Allegra LaViola and Meredith Rosen

AllegraLaViola-MeredithRosen

Allegra LaViola and Meredith Rosen founded Sargent’s Daughters in November of 2013.

Tell us a little about Sargent’s Daughters, which borrows its name from John Singer Sargent. How was his practice an inspiration for the space? Didn’t you have an all female exhibition this summer?

The gallery opened in November 2013 and Sargent was an inspiration for a number of reasons. He was a traditionalist who could not help but be innovative, which was appealing as we are working with contemporary artists, but still interested in the historical and formal qualities of art. Also of importance to us was the dialogue between different generations of artists– historically and contemporaneously.

We did have a 40 woman exhibition this summer entitled “Sargent’s Daughters”, in which we asked the artists to contribute a work that was, in some way, inspired by Sargent. We were curious about the influence of someone so well known for his paintings of women– and how that translates to female artists today.

JesseMockrin

Jesse Mockrin's painting from "Sargent's Daughters"

You focus on artists whose work combines qualities of tradition and cutting edge. What do you find interesting about exhibiting traditional techniques in a time when the art world is very focused on the Internet and new technology? Who are some new or emerging artists who are taking an interesting approach to classical technique?

What is most of interest to us is the quality of work– not necessarily being about traditional techniques. Someone like Petra Cortright or Cory Archangel (both of whom work in new technology) are fascinating because there is the common art historical thread that weaves through their work. An artist making very traditional, but dull, oil paintings would not be of interest simply by virtue of his technique. I am also not sure the art world is actually that focused on new technology– people still love paintings!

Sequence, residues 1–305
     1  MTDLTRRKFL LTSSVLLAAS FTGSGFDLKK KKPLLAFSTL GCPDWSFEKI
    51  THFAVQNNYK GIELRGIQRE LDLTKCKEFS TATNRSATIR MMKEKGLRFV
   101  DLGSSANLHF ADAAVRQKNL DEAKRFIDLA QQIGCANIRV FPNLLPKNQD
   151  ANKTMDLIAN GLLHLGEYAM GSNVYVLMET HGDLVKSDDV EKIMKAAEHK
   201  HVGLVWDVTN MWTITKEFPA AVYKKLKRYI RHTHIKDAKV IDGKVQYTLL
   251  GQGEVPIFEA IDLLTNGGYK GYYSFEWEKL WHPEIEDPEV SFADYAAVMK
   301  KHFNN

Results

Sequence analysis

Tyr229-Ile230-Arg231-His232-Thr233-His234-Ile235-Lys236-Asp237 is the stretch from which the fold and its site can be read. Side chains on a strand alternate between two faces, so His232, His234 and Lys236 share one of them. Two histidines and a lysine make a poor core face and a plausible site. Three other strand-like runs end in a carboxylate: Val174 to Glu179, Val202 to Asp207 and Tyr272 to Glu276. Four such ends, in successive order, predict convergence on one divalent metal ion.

There is an abundance of emerging artists who are approaching classical techniques in their own ways. Jesse Mockrin, Jordan Casteel, Brad Jones (an ongoing collaboration by Brandi Twilley and Jennifer Rubell) are artists whose works have captivated us recently.

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Brad Jones (an ongoing collaboration by Brandi Twilley and Jennifer Rubell): Diptychs

Your current exhibition, Brad Jones (an ongoing collaboration by Brandi Twilley and Jennifer Rubell): Diptychs, is both a performance and an exhibition of traditional portraiture. Who is “Brad Jones” and what drew you the project?

Brad Jones is the name of an ongoing collaboration between Brandi Twilley and Jennifer Rubell, initiated in April 2013. The artists meet three times a week for two hours at a time to engage in live portrait painting sessions in which Twilley always paints and Rubell always poses. As a conceptual frame around their portrait practice, they named the collaboration “Brad Jones,” conceived as the quintessential great American (male) painter.

What drew us to the project was both the paintings themselves, which are beautifully done, and the concept of the project. We are used to looking at nude women painted by men. The women are often anonymous and, even when they are famous, are eclipsed by the man who paints them. What if the sitter were just as active a participant as the painter? What if she also had ownership of the body of work that is, literally, her own body? Brad Jones both asks and answers these questions- and that was of deep importance to us as active participants in the art world.

BradJones

Brad Jones (an ongoing collaboration by Brandi Twilley and Jennifer Rubell): Diptychs

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